Our Solicitors for Wills and Powers of Attorney in Lytham, give 10 facts about Wills, you may or may not be aware of.
Posted on 13th November 2023
Wills: we all have them, right? Well, as it turns out, no; we don’t. Our Hope Jordan, trainee solicitor in our Wills and Probate department in our Longridge office of MG Legal has dug out some interesting, if not scary, facts about Wills. Read on, and see how many of the 10 facts you knew.
Prevalence of Wills
In England and Wales, it’s estimated that around 40% of adults have a legally valid will. This emphasises the need for Solicitors for Wills, assisting those who do not have the correct documents in place, to increase this percentage.
Importance of Professional Assistance
The case of Marley v Rawlings (2014) highlighted the importance of professional guidance in Will writing. This case involved a mix-up of Wills, leading to a Supreme Court decision on the intention of the testators. The case, had it been decided differently, would have meant that the Testator's estate passed, instead of to the intended beneficiaries, to the Testator's relatives, whom they had never intended to benefit. Scary, right?
Without a Will, estates in England and Wales are distributed according to the Rules of Intestacy. Statistically, this can lead to undesired outcomes for many families, with only blood relatives (or those legally adopted into the family) able to benefit under these rules. Cohabitees, stepchildren, and those who are as good as your family would not receive anything, unless they made a claim against the estate. Even then, they would incur expensive legal fees, and would likely end up embroiled in a lengthy litigation process, that is, if they even have standing to make a claim.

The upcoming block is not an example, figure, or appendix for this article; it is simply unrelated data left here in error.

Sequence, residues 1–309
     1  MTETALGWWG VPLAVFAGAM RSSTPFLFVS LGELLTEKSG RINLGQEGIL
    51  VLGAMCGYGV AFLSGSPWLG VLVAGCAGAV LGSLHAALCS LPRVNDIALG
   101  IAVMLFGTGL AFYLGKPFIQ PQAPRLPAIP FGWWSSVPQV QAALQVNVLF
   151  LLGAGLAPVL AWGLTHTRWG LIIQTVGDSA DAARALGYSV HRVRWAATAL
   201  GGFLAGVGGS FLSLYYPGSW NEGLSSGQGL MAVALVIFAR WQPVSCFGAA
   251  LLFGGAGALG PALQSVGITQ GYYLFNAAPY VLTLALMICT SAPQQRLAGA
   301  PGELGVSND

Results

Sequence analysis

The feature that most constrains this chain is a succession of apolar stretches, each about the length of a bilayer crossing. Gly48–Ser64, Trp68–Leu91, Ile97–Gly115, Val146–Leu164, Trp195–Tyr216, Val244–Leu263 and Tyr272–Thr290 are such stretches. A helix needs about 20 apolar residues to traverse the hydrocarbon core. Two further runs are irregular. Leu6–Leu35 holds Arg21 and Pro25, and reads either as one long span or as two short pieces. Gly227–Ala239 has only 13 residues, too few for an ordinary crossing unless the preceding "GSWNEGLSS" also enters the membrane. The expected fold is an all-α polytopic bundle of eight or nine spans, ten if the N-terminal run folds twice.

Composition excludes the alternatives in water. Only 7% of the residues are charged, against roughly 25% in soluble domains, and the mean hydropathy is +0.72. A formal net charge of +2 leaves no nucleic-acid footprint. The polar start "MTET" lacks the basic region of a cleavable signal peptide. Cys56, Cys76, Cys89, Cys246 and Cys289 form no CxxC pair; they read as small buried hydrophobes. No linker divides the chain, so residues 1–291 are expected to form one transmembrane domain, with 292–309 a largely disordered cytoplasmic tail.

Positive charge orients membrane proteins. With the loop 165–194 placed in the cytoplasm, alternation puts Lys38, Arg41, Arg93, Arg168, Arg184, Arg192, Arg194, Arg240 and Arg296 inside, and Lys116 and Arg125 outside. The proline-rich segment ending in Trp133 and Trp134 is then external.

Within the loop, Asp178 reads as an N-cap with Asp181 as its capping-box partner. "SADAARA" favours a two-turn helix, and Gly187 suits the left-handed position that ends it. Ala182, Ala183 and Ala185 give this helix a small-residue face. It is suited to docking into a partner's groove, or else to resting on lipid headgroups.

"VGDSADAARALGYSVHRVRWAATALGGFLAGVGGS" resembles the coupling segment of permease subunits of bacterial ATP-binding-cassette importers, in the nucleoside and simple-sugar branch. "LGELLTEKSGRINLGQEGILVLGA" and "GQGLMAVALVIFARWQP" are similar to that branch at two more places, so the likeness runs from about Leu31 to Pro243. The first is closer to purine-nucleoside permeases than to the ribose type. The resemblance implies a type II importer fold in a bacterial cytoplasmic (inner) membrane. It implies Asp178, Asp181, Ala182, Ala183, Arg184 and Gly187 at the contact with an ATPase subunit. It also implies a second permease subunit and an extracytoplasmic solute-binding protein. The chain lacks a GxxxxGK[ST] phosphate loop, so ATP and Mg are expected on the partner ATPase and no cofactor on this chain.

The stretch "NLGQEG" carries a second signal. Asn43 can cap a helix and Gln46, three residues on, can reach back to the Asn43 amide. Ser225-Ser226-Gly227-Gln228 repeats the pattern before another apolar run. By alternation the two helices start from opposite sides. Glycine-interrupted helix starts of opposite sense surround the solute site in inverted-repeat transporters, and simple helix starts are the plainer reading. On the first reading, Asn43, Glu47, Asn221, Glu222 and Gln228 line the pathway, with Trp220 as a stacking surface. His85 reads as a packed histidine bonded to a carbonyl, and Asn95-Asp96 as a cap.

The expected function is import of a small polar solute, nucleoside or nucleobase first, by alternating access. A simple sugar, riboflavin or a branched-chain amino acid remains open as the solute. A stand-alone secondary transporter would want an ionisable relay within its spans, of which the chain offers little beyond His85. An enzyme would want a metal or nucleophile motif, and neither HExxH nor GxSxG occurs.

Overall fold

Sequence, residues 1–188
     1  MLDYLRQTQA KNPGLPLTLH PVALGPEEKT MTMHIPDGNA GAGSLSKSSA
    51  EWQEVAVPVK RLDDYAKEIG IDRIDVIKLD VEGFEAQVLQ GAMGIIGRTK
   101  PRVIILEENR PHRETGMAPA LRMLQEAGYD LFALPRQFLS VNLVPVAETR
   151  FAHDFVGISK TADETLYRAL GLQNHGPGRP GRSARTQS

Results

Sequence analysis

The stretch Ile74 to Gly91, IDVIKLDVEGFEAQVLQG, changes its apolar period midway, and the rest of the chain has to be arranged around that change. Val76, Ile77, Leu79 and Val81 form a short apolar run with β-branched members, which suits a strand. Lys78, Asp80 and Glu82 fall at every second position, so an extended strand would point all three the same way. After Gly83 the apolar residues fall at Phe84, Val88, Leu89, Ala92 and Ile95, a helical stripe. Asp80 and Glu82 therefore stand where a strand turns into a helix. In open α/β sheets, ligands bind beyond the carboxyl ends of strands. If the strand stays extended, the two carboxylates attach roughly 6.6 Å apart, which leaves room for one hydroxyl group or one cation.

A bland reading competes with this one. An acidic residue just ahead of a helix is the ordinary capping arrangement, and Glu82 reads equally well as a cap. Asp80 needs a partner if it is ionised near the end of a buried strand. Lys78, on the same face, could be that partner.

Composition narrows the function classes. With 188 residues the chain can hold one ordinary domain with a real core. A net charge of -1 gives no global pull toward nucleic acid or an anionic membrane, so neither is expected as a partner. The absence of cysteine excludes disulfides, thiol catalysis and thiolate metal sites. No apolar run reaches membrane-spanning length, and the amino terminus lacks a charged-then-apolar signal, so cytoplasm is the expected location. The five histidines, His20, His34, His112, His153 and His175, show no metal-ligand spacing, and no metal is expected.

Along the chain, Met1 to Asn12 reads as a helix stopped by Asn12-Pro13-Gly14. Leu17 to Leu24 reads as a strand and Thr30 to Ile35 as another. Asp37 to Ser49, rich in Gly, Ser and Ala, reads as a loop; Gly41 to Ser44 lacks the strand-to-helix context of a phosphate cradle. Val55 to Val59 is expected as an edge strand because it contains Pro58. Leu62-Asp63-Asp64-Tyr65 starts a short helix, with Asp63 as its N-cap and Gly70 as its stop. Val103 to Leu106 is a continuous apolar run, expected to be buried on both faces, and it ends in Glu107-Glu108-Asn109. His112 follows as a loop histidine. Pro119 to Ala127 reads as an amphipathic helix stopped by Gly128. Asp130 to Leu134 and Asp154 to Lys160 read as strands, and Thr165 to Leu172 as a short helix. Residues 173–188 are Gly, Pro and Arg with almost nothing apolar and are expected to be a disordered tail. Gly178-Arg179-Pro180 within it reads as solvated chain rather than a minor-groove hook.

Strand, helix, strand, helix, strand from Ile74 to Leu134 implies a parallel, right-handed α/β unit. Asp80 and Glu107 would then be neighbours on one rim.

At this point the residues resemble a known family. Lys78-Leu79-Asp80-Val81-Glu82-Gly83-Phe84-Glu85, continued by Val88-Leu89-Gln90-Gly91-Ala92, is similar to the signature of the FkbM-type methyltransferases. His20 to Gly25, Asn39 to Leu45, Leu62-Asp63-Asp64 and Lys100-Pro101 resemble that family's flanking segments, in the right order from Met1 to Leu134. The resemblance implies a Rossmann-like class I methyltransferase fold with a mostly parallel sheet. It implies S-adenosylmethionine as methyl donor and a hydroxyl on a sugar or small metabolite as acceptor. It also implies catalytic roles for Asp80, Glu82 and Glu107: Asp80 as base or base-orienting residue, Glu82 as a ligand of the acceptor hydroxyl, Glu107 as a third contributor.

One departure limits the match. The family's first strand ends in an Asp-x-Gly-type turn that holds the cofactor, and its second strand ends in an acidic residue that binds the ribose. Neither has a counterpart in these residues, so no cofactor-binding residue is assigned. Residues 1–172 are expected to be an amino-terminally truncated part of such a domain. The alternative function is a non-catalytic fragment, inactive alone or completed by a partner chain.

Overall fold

Rise in Contentious Probate Cases
There has been an increase in contentious probate cases, with 188 cases in 2019 compared to 128 in 2018, highlighting the need for clear and professionally drafted Wills. It is important to note that these are only the cases reported on; there may be many more cases that do not make it as far as being formally recorded in the Court, and they may instead be settled before they reach this stage. So, in all likelihood, this figure is even higher.
Modern Wills increasingly include digital assets. However, a YouGov survey found that only 25% of people in the UK have included digital assets in their Wills. The provisions for digital assets will not be required for everyone, but it is nevertheless important to think about.
The average age for writing a first Will in the UK is around 47 years. However, the trend towards younger individuals creating Wills is growing, partly due to increased awareness. Everyone should have a Will; for the sake of £175.00, it's not worth the stress and turmoil it can caused your loved ones by not having a valid Will.
Changes in Family Structure
With evolving family structures, including civil partnerships and blended families, the complexity of Will writing has increased, necessitating expert legal advice.
Wills including charitable donations have risen, with Cancer Research UK reporting over £193 million in legacy donations in 2019.
The pandemic saw a surge in Will writing, with some firms reporting a 70% increase, demonstrating the growing awareness of the importance of having a Will.
MG Legal are leading solicitors in Will drafting and Lasting Powers of Attorney. If you are one of the 60% of people that do not have a legally valid Will, or if you have a Will, and your circumstances have changed, then get in touch with our amazing team by contacting us, using the details, below.
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